Many feel themselves back in the same-old situation – oppression by the powerful. And they have voted, but the options in the elections are basically red corporate dominance… or blue corporate dominance.

So what’s left? Futile acts of mob violence, directed (or misdirected) at almost random, meaningless targets. I’m not defending this, nor in any way supporting it, but this is what happens.

Again I find myself wanting to call for unified, LEGAL action. We the oppressed cannot simply strike out blindly. Instead, we have to identify the lies that have got us here – such as, “With lower taxes, corporations will create jobs,” and then get this information out to the people. Then we must, as a people (in whatever country you reside) REJECT any politician who forwards these lies.

It’s time for economic as well as social myths to be shattered. This won’t bring an end to violence, but it will surely diminish. We don’t have to be helpless.

-Tom Rossi

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Tom Rossi is a commentator on politics and social issues. He is a Ph.D. student in International Sustainable Development, concentrating in natural resource and economic policy. Tom greatly enjoys a hearty debate, especially over a hearty pint of Guinness.

Tom also posts on thrustblog.blogspot.com

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More Twitter Tips for Authors

A month ago, I shared a few blog posts and articles regarding my attempt to leverage Twitter. Here are some good YouTube videos.

If you have any tips or experiences using Twitter please share with us in the comments.

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Alon Shalev is the author of The Accidental Activist (now available on Kindle) and A Gardener’s Tale. He is the Executive Director of the San Francisco Hillel Foundation, a non-profit that provides spiritual and social justice opportunities to Jewish students in the Bay Area. More on Alon Shalev at http://www.alonshalev.com/ and on Twitter (#alonshalevsf).

Why We Read Fantasy

This week I completed the manuscript for my second fantasy novel. What began a year ago as a way to bond with my oldest son took on a whole new perspective. I had previously read Tolkien, Paolini and probably a few others, but I never considered this my genre.

Now, 180,000+ on, I am reading about fantasy writing techniques, devouring books by authors such as Terry Brooks and R.A. Salvatore, and considering getting my ears pointed (okay – but there really are people who do this cosmetic surgery).

Hey Mom, I promised no tatoos!

Whenever I tell people, especially those who know I write political fiction, about my foray into the world of fantasy, I do it in a somewhat apologetic way. Usually, I make sure to tell people that I am doing it for my son, which while true, is only part of it as my enthusiasm grows.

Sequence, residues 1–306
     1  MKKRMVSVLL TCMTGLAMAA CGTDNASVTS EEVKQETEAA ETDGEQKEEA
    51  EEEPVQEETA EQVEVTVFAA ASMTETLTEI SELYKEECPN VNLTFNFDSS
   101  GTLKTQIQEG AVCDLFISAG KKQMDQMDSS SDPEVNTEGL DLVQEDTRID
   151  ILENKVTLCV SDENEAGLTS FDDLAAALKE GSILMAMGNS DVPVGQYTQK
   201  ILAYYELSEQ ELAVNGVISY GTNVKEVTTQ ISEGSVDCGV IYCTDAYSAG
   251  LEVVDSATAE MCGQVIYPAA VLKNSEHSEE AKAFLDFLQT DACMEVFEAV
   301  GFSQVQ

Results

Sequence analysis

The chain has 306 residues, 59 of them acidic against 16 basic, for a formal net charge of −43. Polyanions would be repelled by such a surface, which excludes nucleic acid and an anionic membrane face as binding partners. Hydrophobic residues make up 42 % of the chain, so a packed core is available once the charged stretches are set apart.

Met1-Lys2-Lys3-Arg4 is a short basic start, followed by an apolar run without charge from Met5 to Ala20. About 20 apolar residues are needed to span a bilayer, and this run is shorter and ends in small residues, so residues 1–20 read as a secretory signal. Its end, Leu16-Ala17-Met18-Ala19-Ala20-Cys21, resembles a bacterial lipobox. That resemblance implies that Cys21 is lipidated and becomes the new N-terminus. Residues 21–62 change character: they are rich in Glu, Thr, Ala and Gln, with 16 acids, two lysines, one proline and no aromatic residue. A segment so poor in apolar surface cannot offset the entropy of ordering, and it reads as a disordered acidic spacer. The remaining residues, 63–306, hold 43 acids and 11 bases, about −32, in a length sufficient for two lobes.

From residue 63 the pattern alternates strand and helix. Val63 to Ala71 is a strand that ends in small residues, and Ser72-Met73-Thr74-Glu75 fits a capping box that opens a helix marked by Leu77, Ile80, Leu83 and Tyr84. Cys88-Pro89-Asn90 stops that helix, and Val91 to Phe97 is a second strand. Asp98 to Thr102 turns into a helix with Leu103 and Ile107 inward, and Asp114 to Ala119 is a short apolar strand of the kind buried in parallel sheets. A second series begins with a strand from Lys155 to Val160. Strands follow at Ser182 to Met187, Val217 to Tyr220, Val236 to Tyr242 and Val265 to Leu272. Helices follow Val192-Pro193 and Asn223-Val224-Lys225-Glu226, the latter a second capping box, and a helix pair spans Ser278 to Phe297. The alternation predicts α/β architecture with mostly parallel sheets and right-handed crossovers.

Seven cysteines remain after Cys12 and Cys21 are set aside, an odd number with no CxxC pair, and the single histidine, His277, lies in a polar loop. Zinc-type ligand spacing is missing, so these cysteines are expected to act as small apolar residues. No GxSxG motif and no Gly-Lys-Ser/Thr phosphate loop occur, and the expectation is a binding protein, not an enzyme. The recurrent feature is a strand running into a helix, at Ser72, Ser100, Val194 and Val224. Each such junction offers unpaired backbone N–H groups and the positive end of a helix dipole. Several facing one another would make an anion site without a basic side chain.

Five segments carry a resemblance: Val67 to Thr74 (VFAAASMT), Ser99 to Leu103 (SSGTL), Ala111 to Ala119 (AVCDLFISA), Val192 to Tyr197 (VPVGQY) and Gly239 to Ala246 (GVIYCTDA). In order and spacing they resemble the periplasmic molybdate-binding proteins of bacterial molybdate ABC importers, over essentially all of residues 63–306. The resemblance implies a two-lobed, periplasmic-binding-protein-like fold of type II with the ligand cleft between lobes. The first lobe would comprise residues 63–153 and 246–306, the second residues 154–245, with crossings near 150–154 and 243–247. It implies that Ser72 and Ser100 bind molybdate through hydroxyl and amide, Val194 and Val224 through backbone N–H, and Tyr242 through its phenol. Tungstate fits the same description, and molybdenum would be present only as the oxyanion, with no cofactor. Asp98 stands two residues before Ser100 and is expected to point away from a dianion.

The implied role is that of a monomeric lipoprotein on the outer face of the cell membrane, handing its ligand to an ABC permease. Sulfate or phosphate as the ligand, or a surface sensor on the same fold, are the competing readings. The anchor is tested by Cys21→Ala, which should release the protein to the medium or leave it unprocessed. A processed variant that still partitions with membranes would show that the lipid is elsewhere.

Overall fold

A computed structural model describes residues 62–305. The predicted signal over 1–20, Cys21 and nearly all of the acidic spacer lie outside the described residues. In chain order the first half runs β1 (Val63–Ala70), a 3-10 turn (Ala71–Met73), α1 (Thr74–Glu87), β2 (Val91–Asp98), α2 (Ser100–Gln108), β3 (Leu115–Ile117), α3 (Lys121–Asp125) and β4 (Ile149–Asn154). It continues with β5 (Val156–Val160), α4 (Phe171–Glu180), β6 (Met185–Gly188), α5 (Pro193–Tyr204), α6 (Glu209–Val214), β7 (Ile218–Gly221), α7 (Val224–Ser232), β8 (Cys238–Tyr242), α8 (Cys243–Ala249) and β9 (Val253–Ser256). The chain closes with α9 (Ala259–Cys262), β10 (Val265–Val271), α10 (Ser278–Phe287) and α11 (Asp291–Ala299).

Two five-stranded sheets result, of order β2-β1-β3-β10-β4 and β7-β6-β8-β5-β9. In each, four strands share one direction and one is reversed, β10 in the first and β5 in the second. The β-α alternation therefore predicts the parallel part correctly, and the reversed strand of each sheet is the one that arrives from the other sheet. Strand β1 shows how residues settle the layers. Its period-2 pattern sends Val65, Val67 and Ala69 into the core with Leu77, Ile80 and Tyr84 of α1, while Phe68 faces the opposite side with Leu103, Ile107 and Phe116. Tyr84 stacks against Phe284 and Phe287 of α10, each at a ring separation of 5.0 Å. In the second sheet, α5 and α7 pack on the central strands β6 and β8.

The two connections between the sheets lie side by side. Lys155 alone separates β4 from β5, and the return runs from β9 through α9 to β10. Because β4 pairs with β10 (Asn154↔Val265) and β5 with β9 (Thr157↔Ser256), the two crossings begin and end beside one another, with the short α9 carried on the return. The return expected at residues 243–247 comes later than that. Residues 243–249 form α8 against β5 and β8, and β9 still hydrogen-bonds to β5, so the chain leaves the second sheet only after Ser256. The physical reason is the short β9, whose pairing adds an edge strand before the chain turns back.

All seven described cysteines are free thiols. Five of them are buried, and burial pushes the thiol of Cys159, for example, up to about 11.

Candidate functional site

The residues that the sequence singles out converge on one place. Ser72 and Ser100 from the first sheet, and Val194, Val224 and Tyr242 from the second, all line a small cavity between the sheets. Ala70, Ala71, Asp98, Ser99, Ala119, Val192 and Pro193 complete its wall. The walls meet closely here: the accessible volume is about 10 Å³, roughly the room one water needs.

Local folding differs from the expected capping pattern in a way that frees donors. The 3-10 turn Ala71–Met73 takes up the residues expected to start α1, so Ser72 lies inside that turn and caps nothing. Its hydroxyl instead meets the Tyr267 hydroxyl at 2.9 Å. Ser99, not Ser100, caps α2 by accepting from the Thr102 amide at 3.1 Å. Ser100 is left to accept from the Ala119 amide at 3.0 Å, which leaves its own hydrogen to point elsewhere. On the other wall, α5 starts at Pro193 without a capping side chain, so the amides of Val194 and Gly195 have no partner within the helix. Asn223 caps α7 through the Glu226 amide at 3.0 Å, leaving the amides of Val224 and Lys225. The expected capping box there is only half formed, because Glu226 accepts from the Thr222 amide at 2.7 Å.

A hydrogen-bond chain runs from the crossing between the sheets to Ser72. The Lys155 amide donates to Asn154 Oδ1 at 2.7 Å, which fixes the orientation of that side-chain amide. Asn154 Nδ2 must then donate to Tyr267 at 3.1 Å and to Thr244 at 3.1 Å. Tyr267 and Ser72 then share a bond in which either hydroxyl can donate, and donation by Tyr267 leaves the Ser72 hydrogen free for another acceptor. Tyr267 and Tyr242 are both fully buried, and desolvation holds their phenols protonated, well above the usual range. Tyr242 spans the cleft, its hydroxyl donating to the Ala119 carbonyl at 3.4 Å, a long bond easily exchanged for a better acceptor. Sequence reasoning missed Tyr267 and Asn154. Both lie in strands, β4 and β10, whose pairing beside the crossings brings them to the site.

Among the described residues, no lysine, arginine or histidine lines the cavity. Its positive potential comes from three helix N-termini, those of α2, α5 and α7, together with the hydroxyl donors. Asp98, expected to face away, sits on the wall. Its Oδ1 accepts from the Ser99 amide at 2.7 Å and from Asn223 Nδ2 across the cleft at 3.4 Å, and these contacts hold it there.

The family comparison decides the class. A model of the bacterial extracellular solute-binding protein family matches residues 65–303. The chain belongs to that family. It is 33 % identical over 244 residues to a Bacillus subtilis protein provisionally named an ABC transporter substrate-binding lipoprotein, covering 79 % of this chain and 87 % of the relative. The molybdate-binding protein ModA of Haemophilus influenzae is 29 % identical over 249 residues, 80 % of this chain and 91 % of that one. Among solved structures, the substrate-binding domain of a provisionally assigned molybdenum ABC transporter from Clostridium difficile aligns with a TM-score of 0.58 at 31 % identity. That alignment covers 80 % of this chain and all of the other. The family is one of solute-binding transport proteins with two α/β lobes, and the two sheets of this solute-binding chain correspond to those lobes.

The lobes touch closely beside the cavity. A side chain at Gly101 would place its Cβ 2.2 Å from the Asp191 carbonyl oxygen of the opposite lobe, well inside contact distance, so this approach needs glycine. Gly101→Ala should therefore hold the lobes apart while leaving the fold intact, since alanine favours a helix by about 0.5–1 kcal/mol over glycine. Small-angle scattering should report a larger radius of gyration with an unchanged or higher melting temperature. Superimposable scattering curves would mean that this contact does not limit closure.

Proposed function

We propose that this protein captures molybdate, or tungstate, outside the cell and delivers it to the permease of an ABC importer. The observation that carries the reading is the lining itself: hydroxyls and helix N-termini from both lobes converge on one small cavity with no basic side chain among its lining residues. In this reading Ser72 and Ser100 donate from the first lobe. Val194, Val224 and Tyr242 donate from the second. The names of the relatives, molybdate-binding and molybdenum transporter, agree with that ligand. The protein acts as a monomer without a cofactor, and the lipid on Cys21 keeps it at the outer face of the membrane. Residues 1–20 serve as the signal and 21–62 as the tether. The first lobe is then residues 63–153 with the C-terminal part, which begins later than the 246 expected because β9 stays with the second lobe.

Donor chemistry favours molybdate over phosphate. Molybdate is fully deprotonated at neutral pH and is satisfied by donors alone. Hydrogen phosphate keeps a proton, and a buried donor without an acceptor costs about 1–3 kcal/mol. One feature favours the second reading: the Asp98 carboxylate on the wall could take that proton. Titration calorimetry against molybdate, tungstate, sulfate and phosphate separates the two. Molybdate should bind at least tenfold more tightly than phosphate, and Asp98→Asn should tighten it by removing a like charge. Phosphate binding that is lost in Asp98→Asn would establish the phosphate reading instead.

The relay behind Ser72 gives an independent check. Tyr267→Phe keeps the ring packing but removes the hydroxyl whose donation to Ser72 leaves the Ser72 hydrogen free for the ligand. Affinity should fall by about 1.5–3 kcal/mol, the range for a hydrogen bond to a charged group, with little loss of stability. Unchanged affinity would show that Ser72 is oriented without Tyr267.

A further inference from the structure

The question that is on my mind these days is why do intelligent, educated adults enjoy plowing through 90,000 word tomes about elves, dwarfs and dragons? Here are some Wiki answers:

“Some fantasy readers are unhappy with their lives and think that they would be happier in another world. A place where someone who is not so successful in this world might be a hero or king in another world.”

“I like reading fantasy books because they provide me with a beneficial different point of view on world and everything. I like to think about it using the analogy to house that you may live in but you’ll never be able to understand if you don’t ever get outside and look at it from perspective.”

“You can see a lot of tiny details in fantasy books that you may somehow lose in your everyday life just because they aren’t getting enough your attention… Digest them and they’ll make your life more colorful and interesting.
A lot of fantasy is about the world we would like to see, a dream we want to pursue. Where would we be at if we didn’t dream?”
 
“Older readers might enjoy Fantasy because of its imaginative scope, and also because of the uncanny ability fantasy has to show us aspects of our own lives in an otherwise far-fetched format. People can relate to the emotions and experiences of fantasy characters, as well as mirror events in human history, through the blurred mirror of the fantasy world.”

“Fantasy is a place to escape when you no longer want to live in real life. Where you can let your imagination run free and have control over what you see and hear.

Many people like to escape the hustle and bustle of real life and be captured by a story which involves something special, unreal or different – possibly magic. People enjoy being in someone else’s shoes – someone extraordinary, so that we can look at the world through anothers eyes. You can switch off and enjoy letting your imagination run wild.”

Do you read fantasy? If so share what the attraction is for you? If you read it once in a period of your life, why then and not now?  Fascinating stuff.

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Alon Shalev is the author of The Accidental Activist (now available on Kindle) and A Gardener’s Tale. He is the Executive Director of the San Francisco Hillel Foundation, a non-profit that provides spiritual and social justice opportunities to Jewish students in the Bay Area. More on Alon Shalev at http://www.alonshalev.com/and on Twitter (#alonshalevsf).